Pay Now or Pay Later

“I have an employee who is always late with his timecard. Is it okay to pay him on the next pay period?”

Your HR Survival Tip

California has laws in place to ensure your employees are paid fully and on time. In addition, the state holds your company fully responsible, regardless of what your employee does or doesn’t do.

No or Late Timecard — The state believes you, as the employer, should know when your employee was scheduled to work and, therefore, should know how many hours to pay the employee for that pay period… even if the employee doesn’t submit a timecard or submits it late. You are legally obligated to pay the employee on the established payday for the true or scheduled time worked.

Incorrect Timecard Hours — If the hours are wrong, you are still obligated to pay for the hours submitted (or scheduled, if there is no timecard) on or before your official pay date. Only overtime hours that were submitted late (and that the company didn’t know about) may be paid on the next pay date.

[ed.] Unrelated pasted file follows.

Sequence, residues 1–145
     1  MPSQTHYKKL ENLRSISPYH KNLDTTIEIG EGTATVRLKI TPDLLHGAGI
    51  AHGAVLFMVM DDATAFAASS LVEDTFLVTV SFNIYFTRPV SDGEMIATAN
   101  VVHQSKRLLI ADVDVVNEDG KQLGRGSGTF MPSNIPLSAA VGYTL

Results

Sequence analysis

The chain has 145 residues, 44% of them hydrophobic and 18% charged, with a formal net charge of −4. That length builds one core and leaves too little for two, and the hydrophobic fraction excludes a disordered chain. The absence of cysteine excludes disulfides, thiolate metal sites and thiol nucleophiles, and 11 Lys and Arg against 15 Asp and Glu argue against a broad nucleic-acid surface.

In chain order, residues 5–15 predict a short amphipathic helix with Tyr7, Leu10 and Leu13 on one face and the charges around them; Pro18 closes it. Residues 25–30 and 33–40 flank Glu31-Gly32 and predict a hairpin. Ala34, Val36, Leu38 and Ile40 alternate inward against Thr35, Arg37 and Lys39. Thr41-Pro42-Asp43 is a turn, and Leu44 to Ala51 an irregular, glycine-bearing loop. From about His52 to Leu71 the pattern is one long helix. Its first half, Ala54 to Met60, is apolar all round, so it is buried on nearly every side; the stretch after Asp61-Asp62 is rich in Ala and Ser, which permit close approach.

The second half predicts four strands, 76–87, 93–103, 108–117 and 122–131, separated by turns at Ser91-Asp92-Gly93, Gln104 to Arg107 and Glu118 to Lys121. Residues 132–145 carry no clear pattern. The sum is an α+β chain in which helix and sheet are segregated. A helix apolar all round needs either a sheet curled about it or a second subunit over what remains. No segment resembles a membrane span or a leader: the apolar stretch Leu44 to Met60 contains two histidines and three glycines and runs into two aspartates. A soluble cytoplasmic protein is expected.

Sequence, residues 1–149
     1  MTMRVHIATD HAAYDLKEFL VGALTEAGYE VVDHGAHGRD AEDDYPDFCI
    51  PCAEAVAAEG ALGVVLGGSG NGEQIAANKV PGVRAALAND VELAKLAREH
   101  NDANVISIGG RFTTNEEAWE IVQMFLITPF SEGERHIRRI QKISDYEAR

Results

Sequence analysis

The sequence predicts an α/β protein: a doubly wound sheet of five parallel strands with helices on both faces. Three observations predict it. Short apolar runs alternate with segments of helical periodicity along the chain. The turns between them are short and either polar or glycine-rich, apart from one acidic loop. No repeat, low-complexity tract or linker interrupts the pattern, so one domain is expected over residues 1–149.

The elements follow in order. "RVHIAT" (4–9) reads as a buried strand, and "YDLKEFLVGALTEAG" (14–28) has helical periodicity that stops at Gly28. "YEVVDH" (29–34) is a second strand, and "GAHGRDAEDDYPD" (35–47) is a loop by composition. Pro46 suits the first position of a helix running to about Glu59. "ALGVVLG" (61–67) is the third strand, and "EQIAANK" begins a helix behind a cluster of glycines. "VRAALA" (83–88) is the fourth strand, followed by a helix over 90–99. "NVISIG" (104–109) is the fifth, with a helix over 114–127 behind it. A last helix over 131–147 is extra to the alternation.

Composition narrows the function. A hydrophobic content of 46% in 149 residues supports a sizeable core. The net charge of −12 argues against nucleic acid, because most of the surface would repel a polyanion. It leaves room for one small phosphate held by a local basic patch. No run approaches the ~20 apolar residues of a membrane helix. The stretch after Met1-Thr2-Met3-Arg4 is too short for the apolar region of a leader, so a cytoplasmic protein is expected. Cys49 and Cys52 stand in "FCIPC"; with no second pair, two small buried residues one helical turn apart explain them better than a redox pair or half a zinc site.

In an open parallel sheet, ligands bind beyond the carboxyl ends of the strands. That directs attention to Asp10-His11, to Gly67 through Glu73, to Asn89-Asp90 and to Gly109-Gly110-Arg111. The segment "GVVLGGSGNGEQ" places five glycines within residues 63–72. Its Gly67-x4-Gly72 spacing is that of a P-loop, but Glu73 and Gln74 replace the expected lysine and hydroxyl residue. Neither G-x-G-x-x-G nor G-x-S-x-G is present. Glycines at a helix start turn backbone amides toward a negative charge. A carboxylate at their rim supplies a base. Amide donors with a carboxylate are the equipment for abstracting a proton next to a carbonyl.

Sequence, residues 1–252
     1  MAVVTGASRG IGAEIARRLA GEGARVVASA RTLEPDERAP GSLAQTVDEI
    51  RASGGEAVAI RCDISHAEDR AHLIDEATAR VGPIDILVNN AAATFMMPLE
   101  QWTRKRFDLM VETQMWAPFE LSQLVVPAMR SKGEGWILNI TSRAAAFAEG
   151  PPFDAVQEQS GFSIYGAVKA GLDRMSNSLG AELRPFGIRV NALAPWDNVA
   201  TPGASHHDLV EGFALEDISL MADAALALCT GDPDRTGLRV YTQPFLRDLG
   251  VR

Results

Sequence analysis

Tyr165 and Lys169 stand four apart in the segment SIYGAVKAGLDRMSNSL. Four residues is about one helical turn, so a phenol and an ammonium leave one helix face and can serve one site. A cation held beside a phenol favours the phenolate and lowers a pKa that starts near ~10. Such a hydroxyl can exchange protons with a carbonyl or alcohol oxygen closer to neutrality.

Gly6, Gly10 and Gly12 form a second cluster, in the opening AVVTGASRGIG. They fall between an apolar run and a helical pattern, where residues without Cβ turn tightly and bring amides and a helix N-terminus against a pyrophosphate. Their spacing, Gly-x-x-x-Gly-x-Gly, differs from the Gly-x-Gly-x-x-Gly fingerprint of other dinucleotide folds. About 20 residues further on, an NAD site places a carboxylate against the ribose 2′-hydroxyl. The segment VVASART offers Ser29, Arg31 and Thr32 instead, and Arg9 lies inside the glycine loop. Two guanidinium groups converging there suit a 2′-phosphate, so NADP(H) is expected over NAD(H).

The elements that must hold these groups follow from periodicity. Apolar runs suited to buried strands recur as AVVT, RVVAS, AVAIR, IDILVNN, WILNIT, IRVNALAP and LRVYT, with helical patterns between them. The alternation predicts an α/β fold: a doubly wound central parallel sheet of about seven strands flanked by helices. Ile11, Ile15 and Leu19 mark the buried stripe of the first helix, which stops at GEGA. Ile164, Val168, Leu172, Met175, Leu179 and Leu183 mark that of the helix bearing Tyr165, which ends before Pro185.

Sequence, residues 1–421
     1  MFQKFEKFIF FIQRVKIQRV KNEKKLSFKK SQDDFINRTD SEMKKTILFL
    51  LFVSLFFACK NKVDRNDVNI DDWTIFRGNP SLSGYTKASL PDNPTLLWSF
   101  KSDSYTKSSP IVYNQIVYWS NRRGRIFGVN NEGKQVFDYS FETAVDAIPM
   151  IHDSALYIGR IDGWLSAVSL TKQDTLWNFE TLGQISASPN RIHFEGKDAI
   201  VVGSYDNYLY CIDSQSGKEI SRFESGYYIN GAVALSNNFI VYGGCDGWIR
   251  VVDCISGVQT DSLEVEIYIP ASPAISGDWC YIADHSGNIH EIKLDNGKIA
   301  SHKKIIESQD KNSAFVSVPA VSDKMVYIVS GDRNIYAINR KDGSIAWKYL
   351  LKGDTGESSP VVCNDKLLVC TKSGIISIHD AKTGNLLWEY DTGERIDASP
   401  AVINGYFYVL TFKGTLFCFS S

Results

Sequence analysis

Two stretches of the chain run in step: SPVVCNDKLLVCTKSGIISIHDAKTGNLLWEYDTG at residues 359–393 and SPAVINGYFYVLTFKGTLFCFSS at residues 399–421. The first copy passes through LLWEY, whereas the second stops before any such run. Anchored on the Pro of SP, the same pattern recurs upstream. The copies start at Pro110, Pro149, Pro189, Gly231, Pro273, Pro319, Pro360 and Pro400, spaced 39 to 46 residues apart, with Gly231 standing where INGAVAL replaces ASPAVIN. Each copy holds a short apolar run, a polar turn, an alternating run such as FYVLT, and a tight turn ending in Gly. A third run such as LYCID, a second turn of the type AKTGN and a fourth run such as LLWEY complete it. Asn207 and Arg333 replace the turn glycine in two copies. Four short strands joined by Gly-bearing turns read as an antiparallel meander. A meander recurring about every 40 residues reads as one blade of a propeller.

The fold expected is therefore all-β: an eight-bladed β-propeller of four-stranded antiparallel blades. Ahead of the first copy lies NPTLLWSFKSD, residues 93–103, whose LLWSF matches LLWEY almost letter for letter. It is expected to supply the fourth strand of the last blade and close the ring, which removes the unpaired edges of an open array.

Pay Dates — California has no leniency for late payment of wages. You must pay employees on a date you have noted on your employment law posters, Employee Handbook, or other documentation. This date must be within the legal boundaries. Although there are some exceptions, you must pay employees within seven days after a work period is complete. For example, if you pay every two weeks (biweekly) and the work period ends on a Friday, you must pay employees for those work hours within seven days (on or before the following Friday).

Holidays and Pay Dates — You are allowed to choose to pay employees the workday before or workday after a holiday when the official pay date falls on a holiday… as long as it is still within the seven days allowed. This, too, is published and not changed randomly.

Final Pay — When an employee is leaving your company for any reason, they must receive their final paycheck on or before that final day. If the employee departs without 72 hours’ notice, you get only 72 hours (3 calendar days) to get them the final paycheck. Direct deposit will usually be later than this so know how to create a live, manual check through your payroll system.

California shows no mercy if you’re not paying employees in accordance with the laws. A missed or late payday has a penalty of $100 per employee the first time. Subsequent penalties include $200 per employee, plus 25% of the late payroll. In addition, the Labor Commissioner can issue a stop-work order against the company, levies against your company bank accounts, and liens on real and personal property. Anyone acting on behalf of the company, such as an owner, officer, or director, can be held personally liable. Yes, the state is really serious about this so don’t treat those pay dates as movable targets.

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